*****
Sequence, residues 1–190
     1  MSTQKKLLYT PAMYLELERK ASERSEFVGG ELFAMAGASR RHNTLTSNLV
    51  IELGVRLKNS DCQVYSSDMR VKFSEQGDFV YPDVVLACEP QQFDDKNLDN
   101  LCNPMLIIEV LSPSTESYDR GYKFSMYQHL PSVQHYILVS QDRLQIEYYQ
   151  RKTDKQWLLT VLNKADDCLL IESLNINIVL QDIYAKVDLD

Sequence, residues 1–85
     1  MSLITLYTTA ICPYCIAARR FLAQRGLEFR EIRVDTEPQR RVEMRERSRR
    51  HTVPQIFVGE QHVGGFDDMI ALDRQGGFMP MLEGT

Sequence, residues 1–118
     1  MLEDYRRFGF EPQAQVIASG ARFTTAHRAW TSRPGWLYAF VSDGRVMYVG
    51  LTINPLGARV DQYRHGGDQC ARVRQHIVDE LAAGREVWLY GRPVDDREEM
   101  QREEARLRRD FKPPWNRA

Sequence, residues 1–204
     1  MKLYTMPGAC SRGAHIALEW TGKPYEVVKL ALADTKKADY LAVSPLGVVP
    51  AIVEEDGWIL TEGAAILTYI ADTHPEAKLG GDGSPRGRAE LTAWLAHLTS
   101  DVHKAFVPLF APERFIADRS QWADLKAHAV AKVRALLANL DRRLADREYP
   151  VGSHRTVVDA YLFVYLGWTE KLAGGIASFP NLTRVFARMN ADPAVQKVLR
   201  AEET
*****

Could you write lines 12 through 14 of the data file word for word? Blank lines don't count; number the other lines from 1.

   101  QREEARLRRD FKPPWNRA

Sequence, residues 1–204
     1  MKLYTMPGAC SRGAHIALEW TGKPYEVVKL ALADTKKADY LAVSPLGVVP